Delia’s – I never though I’d be jealous of teenage girls, but SHIT they sell cool clothes at this place. It’s what Urban Outfitters would be if they were as cool as they think they are, and everything cost half as much. I’m dying to fit into a 12-year-old girl’s Orange Crush T-Shirt! I’ll just have to wait for Lucy to get old enough to be vaguely ironic.
Urban Outfitters – Speaking of which, I really wish I liked this place better. I know you have to be underweight and preferably a white hipster DJ living in Williamsburg, Brooklyn to have a shot, but really, can’t they make stuff for us aging fratboys as well?
We would have been outraged at U.O. back in 1991, selling our irony back to ourselves at $24 a shirt, but now we just sit and take it. How can you possibly wear that “Getting Lucky in Kentucky” T-shirt when 45,000 other too-cool-for-school future art majors already have it?
Banana Republic – I admit, this store hits my sweet spot. Bold, interesting, colorful and classy, I could wear nothing but Ban Rep for the next year and not care what YOU think. It’s come a long way from those pith-helmet and bizarre loincloths of the early ’80s. And though it can get sort of “guido” every two years or so (and is expensive), I would encourage each of you to get a pinstripe blazer.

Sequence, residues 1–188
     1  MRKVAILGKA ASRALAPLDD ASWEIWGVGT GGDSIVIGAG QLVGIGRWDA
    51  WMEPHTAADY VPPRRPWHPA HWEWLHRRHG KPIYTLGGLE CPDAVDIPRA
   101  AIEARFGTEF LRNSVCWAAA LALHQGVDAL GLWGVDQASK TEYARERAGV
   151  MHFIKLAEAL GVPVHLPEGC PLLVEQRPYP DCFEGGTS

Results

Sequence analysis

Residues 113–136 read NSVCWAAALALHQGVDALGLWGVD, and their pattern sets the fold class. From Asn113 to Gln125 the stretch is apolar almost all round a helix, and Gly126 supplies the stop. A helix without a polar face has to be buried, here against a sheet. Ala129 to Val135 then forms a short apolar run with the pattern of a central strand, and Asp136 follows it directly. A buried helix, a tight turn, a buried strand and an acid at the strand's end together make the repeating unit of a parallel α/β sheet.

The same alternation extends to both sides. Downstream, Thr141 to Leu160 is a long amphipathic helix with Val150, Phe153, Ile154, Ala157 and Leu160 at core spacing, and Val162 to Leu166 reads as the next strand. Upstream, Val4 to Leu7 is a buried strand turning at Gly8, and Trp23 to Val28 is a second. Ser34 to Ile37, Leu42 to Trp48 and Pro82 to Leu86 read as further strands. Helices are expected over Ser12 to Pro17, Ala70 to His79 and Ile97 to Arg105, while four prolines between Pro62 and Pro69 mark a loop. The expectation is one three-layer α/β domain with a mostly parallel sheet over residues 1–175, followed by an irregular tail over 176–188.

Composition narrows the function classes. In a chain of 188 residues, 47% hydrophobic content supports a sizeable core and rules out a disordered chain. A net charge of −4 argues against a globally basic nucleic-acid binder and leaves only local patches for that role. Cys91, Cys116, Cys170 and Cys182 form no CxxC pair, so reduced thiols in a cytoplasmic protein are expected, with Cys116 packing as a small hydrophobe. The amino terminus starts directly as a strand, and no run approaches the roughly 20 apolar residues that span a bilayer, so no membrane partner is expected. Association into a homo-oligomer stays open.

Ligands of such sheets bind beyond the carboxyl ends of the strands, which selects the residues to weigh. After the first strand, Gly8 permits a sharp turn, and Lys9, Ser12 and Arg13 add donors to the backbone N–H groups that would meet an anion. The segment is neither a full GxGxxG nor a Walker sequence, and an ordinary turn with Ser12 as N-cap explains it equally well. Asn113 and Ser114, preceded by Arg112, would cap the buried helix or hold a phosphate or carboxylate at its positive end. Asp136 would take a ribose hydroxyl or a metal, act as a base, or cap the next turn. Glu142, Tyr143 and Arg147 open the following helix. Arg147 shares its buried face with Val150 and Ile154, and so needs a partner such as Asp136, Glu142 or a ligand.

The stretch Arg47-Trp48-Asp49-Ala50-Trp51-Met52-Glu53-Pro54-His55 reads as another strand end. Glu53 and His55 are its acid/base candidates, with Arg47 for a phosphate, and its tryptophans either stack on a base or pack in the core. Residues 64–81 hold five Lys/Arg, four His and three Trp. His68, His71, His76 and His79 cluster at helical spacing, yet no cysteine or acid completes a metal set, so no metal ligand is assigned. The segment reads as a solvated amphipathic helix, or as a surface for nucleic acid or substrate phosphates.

Spencer’s Gifts – How have these guys managed to stay around for so long? Their current incarnation is of the lowest-common-denominator beer-pong Beavis-humor, but back in my mallrat days, it was the place to go for all your Edible Undie, Joy Jelly and “tobacco water pipe” needs.
They always had the Halloween market cornered with fake teeth and blue hair dye, and usually sold out of Ouija Boards. Spencer’s Gifts: if it didn’t exist, we’d have to create it.
The Apple Store – Oh, my sweet sweet Apple store. Your white curves, your translucent stairs, your roomy bathroom. Let me fondle your Nanos, rub my hands along your G5 towers for warmth. You’re as cozy as a Georgia O’Keeffe flower. How can anyone use a PC when they’ve been inside your sugar walls?
Athletic Attic, The Foot Locker, Athlete’s Foot – I know they’re all about sports, but why do they seem so bereft of motion, so funereal of pace? I know some people like to “try their shoes on” and all that, but if you are pretty sure about your size, everything can be had on eBay for a ninth of the price.
God knows I had my share of retail jobs, and bringing out shoes for people with an 8% chance of them actually buying them has to be a big fucking drag, but STOP MAKING ME FEEL BAD FOR ASKING. And would you please have a size 13 or bigger in there? Lindsay and I can’t buy your shoes if you don’t have them for us manly men.
The Discovery Store, The Sharper Image – I’m fairly sure your massaging chair has been sat in by seven-hundred people today, and it is going to give me the flu. No, I don’t need a USB-powered dental flosser. Why are your executive dart magnet sets $379? I’m sure that pillow stops migraines, I’m fucking sure. I have nobody to play backgammon with, thanks. This radio picks up Lisbon? *sigh*
Old Navy – Those who can, do – those you can’t, teach. Those who can’t teach, teach gym. Those who can’t teach gym, purposely walk around America with the name of the store emblazoned on their chest in six-inch letters.